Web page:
NatWest claims to have fixed the IT problems that locked customers out of its online, app and telephone banking services today.
The outage, though, came just a day after Barclays suffered a similar outage. That prevented customers and staff from accessing Barclays' IT systems, meaning that customers had to be turned away in-branch.
"We're aware of some issues on our Online and Mobile Banking services and are working hard to fix them. Telephone Banking and ATMs are available. Sorry and thanks for your patience," the bank tweeted this morning.
We're aware of some issues on our Online and Mobile Banking services and are working hard to fix them. Telephone Banking and ATMs are available. Sorry and thanks for your patience.— NatWest (@NatWest_Help) September 21, 2018
Furthermore, customers of Ulster Bank, as well as Royal Bank of Scotland, were also affected by the outage. In a statement to customers, RBS said: "We are aware that customers are currently experiencing issues logging into their online and mobile banking accounts.
"We are aware of the problem and are working to fix the issue. Customers can still use ATMs and telephone banking."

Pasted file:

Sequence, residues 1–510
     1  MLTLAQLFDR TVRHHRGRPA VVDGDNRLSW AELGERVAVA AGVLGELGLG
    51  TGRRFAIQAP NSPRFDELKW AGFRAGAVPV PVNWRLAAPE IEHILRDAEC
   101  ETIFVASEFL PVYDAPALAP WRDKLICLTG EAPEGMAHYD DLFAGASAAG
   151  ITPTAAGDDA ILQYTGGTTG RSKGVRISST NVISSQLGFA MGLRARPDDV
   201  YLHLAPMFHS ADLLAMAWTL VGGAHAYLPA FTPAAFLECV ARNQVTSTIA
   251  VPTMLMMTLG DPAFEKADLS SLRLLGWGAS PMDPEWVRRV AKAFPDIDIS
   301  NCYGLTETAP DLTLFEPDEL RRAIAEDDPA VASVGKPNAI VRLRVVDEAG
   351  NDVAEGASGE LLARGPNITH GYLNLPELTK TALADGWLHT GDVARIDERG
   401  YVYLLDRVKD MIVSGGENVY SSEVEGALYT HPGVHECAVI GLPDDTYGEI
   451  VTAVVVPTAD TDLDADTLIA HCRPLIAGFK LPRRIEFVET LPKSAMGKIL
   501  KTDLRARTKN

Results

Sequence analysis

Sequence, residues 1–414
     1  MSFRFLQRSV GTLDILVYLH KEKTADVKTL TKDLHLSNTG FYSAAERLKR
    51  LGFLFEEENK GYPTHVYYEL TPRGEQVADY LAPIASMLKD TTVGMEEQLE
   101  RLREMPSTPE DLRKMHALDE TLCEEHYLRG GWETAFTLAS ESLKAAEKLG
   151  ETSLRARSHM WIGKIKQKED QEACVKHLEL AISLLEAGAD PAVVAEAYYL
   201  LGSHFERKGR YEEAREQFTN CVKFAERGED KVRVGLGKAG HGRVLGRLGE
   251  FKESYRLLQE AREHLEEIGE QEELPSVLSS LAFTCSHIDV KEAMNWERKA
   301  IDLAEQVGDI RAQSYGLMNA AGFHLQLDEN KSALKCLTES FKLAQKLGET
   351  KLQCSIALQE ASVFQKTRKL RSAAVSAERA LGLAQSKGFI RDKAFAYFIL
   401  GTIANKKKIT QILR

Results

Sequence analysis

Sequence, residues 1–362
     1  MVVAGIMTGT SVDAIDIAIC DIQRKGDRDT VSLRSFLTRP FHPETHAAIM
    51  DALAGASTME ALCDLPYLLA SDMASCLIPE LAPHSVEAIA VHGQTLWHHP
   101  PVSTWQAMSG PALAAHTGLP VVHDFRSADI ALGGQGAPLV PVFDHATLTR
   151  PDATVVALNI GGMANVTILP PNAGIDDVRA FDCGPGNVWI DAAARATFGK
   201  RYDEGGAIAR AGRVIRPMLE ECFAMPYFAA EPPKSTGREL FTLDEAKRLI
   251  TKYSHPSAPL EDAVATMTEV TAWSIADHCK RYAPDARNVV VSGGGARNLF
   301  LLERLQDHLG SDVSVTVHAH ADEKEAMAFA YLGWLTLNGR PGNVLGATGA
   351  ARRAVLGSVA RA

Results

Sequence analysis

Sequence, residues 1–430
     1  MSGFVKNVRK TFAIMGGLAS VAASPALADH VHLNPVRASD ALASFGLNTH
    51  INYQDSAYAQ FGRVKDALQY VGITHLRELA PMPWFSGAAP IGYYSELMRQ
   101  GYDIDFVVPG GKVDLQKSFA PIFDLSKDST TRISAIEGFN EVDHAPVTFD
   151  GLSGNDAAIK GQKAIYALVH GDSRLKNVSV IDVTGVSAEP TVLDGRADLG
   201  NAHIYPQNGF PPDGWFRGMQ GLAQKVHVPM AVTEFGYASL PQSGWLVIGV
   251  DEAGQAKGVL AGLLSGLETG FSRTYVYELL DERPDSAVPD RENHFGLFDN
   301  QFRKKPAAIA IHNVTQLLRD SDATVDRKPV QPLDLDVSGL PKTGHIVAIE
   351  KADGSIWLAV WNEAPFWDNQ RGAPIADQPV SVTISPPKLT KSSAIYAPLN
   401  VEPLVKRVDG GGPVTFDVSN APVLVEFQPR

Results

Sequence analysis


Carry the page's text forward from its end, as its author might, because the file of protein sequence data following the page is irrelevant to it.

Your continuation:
The outages, one following hot on the heals from the other, has provided a renewed focus on the shortcomings of big UK banks' IT systems.
According to Lev Lesokhin, senior vice president of strategy & analytics at CAST, UK banks are particularly prone to such repeated IT failures.
"Banks in other geographies don't have as many problems as UK banks. Based on our research, UK banks don't do as good a job controlling the structural quality of their legacy systems. So the UK banking sector has some catching up to do in getting that kind of software intelligence," he said.
As a result of its outage yesterday, Barclays is expected to be called before the House of Commons Treasury Select Committee to explain the prolonged outage.
The Treasure Committee has taken a stronger interest in UK banks' IT failures this year, following the botched migration by TSB from the Lloyd's Bank banking platform to that of its new parent, Spain's Banco Sabadell.
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